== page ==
Thursday, June 23, 2005
Outsourcing the Military
PETER SINGER: I think one of the things that was particularly surprising about what happened at Abu Ghraib was the mass presence of contractors there. The U.S. army found that 100% of the interpreters and up to 50% of the interrogators that were onsite there during the abuse period were private contractors; the interpreters from a company called Titan, the interrogators from a company called Khaki. The army also found in one of its reports that the interrogators who were contractors were involved in 36% of the abuse incidents. And one of the things that was disturbing about this, there's two levels here. The first is that the army looking back found that as many as a third of those contractors who were interrogators didn't have formal military training as interrogators.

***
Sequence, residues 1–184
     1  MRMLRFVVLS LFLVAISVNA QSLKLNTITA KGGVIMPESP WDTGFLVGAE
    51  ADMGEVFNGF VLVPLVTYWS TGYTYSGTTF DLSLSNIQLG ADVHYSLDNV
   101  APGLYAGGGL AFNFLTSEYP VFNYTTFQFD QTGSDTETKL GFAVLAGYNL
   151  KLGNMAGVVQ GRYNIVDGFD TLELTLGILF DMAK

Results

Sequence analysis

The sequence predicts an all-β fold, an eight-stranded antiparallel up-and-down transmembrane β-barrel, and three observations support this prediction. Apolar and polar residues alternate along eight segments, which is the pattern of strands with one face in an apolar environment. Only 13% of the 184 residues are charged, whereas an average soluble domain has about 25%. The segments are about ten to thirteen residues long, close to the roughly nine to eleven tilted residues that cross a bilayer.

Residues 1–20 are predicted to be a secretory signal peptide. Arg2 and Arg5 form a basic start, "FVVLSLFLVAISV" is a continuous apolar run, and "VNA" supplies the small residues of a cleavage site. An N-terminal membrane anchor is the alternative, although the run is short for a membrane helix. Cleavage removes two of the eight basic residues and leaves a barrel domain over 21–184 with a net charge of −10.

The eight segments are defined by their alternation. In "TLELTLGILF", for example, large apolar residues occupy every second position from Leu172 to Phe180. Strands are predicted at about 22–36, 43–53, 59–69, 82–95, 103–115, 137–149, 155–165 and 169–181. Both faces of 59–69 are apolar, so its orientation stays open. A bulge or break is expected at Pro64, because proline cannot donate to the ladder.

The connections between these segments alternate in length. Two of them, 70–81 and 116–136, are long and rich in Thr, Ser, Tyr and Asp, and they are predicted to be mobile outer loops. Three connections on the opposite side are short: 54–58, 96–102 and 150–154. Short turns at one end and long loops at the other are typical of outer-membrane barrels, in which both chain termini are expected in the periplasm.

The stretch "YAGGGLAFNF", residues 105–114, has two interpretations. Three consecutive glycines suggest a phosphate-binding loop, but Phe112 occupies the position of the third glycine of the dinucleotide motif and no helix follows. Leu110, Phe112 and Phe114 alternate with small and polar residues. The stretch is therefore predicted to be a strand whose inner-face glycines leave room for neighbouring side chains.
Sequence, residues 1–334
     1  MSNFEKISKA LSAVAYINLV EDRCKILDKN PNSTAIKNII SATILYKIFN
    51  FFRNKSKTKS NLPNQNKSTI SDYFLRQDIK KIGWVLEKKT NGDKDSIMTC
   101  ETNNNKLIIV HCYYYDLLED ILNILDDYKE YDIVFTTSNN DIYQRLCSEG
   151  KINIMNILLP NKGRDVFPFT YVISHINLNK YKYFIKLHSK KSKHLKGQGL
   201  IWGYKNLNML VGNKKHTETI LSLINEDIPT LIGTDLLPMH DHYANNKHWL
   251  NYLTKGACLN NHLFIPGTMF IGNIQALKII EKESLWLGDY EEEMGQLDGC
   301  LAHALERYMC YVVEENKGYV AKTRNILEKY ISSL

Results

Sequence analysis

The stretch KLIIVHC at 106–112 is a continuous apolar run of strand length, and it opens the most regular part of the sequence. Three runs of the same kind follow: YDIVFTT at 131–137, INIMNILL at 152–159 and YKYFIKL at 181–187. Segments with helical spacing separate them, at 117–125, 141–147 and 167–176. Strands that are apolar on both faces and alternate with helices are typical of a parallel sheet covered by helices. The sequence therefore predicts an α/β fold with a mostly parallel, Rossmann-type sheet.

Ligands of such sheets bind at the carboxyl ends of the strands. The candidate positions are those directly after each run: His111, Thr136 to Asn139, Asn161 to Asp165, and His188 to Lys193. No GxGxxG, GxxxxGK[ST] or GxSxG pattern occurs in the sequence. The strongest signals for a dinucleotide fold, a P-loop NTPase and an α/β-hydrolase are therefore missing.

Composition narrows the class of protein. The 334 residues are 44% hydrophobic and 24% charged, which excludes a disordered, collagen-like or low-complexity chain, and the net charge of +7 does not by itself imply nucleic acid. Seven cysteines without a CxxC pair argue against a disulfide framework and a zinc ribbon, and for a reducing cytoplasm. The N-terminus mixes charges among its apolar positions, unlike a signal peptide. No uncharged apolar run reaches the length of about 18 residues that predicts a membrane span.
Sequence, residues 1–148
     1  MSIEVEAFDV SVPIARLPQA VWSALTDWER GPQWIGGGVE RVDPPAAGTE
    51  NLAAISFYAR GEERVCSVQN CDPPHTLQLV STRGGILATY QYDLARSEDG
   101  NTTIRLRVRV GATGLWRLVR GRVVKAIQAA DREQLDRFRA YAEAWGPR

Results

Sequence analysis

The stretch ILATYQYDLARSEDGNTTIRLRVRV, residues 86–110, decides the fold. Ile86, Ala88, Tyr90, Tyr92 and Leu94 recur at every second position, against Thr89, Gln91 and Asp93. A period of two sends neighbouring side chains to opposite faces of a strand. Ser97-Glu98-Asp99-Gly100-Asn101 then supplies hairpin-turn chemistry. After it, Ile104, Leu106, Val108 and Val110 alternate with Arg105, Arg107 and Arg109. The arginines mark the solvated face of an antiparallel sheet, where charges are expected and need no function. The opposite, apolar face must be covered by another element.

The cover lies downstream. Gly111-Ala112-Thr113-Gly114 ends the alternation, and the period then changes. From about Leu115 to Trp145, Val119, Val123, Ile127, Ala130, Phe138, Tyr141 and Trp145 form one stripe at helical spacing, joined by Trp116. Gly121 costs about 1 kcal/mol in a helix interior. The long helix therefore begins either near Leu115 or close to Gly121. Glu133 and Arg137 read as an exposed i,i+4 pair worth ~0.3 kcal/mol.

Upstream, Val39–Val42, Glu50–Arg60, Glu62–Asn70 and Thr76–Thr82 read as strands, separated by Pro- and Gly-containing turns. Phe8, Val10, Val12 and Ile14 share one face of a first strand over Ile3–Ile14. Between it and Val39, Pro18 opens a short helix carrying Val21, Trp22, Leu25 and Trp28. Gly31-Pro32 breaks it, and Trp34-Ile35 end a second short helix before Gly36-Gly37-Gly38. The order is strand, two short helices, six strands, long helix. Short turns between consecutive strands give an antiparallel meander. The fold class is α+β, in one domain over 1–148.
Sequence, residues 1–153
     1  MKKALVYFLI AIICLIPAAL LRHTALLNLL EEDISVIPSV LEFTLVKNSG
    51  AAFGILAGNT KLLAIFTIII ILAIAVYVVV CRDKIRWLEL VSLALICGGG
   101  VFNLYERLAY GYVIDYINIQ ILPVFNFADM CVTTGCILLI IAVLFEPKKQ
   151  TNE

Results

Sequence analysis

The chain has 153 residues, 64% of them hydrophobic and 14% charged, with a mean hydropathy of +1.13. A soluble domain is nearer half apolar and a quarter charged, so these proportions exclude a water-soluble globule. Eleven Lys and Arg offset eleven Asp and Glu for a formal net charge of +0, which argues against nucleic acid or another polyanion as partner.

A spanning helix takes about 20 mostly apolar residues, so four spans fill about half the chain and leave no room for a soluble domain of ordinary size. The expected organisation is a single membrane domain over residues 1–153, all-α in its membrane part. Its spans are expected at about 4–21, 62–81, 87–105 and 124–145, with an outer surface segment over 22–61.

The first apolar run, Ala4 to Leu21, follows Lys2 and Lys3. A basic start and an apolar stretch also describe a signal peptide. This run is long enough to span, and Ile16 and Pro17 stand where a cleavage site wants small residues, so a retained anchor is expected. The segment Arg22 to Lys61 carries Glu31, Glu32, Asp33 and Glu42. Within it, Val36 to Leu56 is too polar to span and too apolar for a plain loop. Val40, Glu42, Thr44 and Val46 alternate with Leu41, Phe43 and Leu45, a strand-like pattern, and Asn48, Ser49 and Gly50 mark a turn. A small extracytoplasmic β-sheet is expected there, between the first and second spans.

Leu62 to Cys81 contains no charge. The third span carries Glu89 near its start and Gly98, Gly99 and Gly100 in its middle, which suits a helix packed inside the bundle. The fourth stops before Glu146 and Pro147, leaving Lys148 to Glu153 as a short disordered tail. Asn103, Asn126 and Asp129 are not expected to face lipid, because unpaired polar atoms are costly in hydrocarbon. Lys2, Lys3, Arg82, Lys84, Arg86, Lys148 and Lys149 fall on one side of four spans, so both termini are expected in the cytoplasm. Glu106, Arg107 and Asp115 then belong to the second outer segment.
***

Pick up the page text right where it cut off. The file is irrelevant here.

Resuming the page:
And then on top of it, you have the fact that they specifically identified six of them as individuals who were involved in it, and not one of those people, not one of those six contractors, has yet been even charged with a crime, let alone prosecuted or punished for it. And so you compare what's happened to the contractors to what happened to the enlisted men and women there who were rightly court-martialed for it, and it illustrates this gap in the law, this legal vacuum that contractors are in. One of the things that was interesting in speaking with a military lawyer about it is, he said, you know, the problem is that contractors exist right now in the same legal vacuum, the same legal netherworld that the detainees at Guantanamo Bay are in. Basically, there's not laws there to create their status and what -- how you should deal with them under the law.